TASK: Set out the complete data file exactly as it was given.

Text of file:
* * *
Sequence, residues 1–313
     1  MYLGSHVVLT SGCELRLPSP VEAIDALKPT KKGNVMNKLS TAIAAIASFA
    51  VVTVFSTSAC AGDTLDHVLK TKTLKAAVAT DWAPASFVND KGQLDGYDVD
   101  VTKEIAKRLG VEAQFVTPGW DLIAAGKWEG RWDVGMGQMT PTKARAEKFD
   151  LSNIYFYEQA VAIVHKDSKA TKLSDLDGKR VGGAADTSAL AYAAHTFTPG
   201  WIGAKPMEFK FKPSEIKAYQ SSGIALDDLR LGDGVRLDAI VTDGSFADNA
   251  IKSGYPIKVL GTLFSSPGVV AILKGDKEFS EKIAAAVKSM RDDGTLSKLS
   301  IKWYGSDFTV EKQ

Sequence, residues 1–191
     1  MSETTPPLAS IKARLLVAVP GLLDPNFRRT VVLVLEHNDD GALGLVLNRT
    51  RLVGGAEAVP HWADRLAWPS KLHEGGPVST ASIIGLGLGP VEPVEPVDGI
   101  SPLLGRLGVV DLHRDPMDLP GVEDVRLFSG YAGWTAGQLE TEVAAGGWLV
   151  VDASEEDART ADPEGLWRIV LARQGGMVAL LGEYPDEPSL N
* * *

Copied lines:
Sequence, residues 1–313
     1  MYLGSHVVLT SGCELRLPSP VEAIDALKPT KKGNVMNKLS TAIAAIASFA
    51  VVTVFSTSAC AGDTLDHVLK TKTLKAAVAT DWAPASFVND KGQLDGYDVD
   101  VTKEIAKRLG VEAQFVTPGW DLIAAGKWEG RWDVGMGQMT PTKARAEKFD
   151  LSNIYFYEQA VAIVHKDSKA TKLSDLDGKR VGGAADTSAL AYAAHTFTPG
   201  WIGAKPMEFK FKPSEIKAYQ SSGIALDDLR LGDGVRLDAI VTDGSFADNA
   251  IKSGYPIKVL GTLFSSPGVV AILKGDKEFS EKIAAAVKSM RDDGTLSKLS
   301  IKWYGSDFTV EKQ

Sequence, residues 1–191
     1  MSETTPPLAS IKARLLVAVP GLLDPNFRRT VVLVLEHNDD GALGLVLNRT
    51  RLVGGAEAVP HWADRLAWPS KLHEGGPVST ASIIGLGLGP VEPVEPVDGI
   101  SPLLGRLGVV DLHRDPMDLP GVEDVRLFSG YAGWTAGQLE TEVAAGGWLV
   151  VDASEEDART ADPEGLWRIV LARQGGMVAL LGEYPDEPSL N